emely onerous to complete. The cumulative effects of wind projects on noise, migratory bird paths, raptors, property values, view sheds, extend out many miles and these studies should be conducted. 5 miles is a reasonable "buffer" space. Public Involvement Again the genuine involvement of the public and municipal bodies takes time and 5 months is not that long. In fact, 30 days and less for comment periods and applying for intervenor funds is unreasonable. Exhibit 6 Wind Power Facilities, Exhibit 8 Electric System Production Modeling, Exhibit 14 Cost of Facilities At a high level, these sections give us significant problems. The proposed regul ation requires EDPRNA to provide detailed information including confidential work product and t rade secrets as well as confidential information which we are prohibited by contract from disclo sing to third parties and which could allow a competitor could, among other things, reverse engineer a detailed financial model and thus gain a commercial advantage. Additionally, the cumulative informa tion could be used to influence the review of competitive bid processes such as the New York S tate Energy

Research and Development Authority ( NYSERDA ) solicitations for renewable energy. The Siting Board needs to know the actual costs of projects to protect ratepayer s from buying down overly expensive projects.. "The requirement to include a upied structures and areas of public gathering ainly, particularly if we don t have physical access orried about the vagueness of areas of public statement of all occupied structures, barns, unocc is unrealistic and burdensome in early stages cert to the property to perform inspections, and we are w gathering .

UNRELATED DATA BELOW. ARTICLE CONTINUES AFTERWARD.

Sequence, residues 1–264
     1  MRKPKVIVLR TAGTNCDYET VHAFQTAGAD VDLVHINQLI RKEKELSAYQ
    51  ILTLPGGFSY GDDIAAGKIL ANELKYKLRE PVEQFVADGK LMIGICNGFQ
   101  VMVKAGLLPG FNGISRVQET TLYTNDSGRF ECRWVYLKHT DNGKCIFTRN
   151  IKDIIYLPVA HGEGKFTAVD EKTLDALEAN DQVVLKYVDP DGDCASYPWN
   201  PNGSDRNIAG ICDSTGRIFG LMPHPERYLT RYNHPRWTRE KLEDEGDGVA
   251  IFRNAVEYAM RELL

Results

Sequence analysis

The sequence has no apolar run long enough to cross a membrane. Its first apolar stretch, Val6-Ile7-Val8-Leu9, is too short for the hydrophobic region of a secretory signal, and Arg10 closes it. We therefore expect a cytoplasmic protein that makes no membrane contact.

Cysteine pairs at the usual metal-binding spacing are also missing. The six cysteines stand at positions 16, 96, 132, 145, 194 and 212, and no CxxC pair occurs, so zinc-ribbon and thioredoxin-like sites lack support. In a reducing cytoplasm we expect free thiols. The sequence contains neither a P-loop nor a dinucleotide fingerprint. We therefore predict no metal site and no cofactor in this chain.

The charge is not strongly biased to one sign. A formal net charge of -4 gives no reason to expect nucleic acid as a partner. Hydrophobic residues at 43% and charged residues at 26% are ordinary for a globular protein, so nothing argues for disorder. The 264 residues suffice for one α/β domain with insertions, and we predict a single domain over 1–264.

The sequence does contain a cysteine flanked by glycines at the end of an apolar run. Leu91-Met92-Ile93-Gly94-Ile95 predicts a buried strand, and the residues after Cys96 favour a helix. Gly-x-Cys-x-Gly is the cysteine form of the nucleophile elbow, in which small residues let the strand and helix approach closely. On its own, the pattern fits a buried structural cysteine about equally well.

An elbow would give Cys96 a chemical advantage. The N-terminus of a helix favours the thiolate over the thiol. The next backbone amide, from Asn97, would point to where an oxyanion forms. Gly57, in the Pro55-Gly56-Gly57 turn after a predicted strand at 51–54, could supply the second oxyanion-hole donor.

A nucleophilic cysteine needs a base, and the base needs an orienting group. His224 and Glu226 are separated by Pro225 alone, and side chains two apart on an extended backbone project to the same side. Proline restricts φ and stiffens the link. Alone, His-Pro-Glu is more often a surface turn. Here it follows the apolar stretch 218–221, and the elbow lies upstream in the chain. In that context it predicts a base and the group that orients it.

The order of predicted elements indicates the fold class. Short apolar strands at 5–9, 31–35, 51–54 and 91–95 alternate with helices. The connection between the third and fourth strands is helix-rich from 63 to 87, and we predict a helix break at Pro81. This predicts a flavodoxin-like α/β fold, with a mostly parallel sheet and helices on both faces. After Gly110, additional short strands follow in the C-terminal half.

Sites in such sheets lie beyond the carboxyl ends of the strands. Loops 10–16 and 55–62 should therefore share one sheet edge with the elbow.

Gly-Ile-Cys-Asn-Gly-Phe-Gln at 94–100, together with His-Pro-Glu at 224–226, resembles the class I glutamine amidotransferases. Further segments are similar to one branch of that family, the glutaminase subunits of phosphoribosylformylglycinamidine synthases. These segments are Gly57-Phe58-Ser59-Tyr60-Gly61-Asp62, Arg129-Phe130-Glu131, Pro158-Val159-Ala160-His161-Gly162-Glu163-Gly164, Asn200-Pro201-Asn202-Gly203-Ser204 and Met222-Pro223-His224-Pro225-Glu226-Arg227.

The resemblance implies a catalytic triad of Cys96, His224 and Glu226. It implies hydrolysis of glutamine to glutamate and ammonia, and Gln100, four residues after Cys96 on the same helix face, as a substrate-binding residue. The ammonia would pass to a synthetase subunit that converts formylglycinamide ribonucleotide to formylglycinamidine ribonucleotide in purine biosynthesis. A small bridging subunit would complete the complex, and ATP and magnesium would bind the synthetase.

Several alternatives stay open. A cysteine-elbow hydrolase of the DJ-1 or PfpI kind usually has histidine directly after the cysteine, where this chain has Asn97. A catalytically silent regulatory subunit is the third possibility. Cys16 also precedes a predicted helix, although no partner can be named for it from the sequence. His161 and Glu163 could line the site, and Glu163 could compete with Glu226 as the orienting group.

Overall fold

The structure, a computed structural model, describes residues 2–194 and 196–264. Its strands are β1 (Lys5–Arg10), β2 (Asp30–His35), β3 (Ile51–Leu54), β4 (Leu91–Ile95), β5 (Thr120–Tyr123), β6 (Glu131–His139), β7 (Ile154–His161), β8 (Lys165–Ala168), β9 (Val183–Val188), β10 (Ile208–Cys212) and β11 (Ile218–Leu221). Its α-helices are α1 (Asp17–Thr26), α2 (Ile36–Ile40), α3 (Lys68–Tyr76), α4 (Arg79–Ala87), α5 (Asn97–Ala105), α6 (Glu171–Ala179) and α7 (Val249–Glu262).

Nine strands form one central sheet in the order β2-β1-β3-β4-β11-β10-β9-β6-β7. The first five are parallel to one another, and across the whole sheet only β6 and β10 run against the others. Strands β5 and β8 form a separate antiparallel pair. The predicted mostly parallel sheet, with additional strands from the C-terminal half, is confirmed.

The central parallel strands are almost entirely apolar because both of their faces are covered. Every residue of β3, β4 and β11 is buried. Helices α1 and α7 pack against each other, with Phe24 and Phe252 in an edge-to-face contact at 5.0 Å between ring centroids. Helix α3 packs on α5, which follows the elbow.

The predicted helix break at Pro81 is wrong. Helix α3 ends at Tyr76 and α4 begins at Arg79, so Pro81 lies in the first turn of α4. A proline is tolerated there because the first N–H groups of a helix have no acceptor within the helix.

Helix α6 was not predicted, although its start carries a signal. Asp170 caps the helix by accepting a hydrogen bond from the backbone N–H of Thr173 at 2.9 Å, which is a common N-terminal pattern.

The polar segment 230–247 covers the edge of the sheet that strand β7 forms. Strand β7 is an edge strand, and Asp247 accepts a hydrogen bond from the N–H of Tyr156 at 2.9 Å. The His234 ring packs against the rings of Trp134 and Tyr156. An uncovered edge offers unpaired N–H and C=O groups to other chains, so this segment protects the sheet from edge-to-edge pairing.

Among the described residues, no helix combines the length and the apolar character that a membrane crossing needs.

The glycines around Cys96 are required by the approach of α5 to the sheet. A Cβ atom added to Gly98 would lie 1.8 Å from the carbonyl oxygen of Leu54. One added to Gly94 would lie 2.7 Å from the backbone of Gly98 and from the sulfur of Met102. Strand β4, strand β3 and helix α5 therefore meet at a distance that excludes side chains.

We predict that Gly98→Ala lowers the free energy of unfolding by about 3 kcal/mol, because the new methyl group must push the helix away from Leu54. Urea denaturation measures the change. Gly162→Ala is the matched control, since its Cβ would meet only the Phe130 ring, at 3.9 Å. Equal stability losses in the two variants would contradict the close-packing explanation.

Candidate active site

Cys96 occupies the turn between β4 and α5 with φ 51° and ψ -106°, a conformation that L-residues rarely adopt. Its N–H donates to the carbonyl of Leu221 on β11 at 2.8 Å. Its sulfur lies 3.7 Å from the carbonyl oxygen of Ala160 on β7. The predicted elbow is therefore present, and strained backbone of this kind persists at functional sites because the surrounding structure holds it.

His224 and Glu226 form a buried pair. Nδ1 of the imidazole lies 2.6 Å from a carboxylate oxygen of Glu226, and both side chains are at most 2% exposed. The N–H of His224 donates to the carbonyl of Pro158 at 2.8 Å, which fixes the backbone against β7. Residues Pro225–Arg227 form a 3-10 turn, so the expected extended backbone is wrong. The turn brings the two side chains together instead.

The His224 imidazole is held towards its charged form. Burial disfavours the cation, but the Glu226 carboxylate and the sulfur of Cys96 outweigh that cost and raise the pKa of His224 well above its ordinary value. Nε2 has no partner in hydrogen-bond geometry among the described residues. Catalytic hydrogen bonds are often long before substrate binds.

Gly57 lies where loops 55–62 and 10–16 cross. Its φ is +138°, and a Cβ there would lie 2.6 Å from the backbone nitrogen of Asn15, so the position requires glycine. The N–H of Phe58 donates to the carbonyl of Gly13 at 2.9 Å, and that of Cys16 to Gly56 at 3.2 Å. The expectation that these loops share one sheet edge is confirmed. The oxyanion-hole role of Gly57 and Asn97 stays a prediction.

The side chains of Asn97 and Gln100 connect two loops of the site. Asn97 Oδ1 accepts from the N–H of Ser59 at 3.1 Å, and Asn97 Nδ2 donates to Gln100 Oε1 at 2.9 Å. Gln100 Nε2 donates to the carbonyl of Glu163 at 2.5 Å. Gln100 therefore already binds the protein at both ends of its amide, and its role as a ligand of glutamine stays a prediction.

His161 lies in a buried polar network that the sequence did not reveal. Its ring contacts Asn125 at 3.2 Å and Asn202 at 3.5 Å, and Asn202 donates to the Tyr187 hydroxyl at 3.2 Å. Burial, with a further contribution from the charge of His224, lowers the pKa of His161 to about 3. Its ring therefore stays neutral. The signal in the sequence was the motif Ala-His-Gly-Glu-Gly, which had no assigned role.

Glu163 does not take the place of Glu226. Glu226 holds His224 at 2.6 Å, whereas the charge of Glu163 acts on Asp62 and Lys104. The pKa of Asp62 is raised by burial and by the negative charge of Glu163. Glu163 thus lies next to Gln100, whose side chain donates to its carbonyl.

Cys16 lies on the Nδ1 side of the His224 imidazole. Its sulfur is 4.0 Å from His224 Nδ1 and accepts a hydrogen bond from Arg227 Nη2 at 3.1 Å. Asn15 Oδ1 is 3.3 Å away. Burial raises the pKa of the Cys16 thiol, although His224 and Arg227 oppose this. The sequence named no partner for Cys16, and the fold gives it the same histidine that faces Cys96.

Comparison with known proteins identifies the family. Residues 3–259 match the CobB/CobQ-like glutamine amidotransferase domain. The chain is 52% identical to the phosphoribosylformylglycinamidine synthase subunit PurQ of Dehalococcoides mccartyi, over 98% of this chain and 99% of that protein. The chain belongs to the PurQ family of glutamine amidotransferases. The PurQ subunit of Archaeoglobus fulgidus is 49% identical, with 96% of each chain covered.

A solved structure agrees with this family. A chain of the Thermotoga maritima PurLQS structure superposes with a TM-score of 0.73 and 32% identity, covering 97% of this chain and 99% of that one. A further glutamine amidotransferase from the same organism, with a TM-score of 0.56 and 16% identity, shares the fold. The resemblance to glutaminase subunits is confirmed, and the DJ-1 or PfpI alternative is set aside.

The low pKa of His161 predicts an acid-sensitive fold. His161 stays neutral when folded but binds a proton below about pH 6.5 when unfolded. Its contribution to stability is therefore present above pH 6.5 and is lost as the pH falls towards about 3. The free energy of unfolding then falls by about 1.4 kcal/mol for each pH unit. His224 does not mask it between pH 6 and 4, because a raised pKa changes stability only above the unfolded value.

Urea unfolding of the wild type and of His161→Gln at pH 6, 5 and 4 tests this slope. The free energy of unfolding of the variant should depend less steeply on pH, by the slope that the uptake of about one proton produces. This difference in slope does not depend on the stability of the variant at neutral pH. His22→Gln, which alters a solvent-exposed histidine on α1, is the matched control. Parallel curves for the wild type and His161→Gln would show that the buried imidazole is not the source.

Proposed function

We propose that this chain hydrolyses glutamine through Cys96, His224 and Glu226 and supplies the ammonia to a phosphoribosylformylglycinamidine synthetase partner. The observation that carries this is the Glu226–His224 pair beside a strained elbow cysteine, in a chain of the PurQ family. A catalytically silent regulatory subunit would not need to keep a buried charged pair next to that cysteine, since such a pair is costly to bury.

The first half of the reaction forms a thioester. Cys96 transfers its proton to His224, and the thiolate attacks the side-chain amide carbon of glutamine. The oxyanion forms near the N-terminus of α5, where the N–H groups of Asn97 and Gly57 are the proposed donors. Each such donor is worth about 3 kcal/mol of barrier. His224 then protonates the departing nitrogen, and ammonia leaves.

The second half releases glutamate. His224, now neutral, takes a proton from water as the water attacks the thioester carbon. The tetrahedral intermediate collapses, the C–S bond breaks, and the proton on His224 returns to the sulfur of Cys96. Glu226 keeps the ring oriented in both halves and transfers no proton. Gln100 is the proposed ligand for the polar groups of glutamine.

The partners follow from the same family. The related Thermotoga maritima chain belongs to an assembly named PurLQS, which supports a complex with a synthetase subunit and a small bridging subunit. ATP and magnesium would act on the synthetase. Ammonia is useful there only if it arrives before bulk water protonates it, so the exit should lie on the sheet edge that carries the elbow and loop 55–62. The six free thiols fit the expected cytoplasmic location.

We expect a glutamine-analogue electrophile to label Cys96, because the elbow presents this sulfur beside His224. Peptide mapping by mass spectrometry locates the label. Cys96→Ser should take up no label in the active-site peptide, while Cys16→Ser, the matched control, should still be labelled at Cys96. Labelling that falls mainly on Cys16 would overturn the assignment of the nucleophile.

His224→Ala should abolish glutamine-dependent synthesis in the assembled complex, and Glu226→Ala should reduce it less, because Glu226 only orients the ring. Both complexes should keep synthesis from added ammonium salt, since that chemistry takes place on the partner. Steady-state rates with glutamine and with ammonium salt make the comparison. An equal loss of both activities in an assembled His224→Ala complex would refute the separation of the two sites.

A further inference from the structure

Additionally wind projects setbacks should start at non- participating property lines not occupied residences. Otherwise the wind company uses a non- participating property owner' s land as a buffer for their wind turbines' effects. The landowner could not then build a house on thei r back acreage because it would be infringing on the turbines' setbacks. This is theft and should be no ted in the regulations. Cumulatively, these sections require that we provide: Exhibit 6, Pg 52, Section (d). Wind meteorological analyses demonstrating adequa te wind conditions supporting the estimated capacity factor for the facility; Exhibit 8, Pg 54, Section (a)(2). Estimated minimum, maximum, and average annual spot prices representative of all NYISO Zones within the New York Control Area, both with an d without the proposed facility; Exhibit 8, p 54, Section (a)(3). An estimated capacity factor for the facility; Exhibit 8, Pg 54, Section (a)(4). Estimated annual and monthly, on peak, shoulde r and off-peak MW output capability factors for the facility; Exhibit 8, Pg 54, Section (a)(5). Estimated average annual and monthly productio n output for the facility in MWhs; Exhibit 8, p 54, Section (a)(6). An estimated production curve for the facility over an average year; (p 54, Section (a)(6)) Exhibit 8, Pg 54, Section (a)(7)). An estimated production duration curve for th e facility over an average year; and Exhibit 14, Pg 62, Section (a). A detailed estimate of the total capital costs o f the proposed facility, including a separately stated estimate for each interconnection, broken down in a rational manner by the Applicant into major cost components appropriate to the facility. We do not see the need for all of this data for the purpose of the Board. The Bo ard should be able to perform an evaluation of the proposed facility without disclosure of our confide ntial work product and analyses. EDPRNA proposes that the detailed meteorological data be completely ex cluded, and that all additional details mentioned above in Exhibit 8 be either removed, limi ted, or filed under a seal."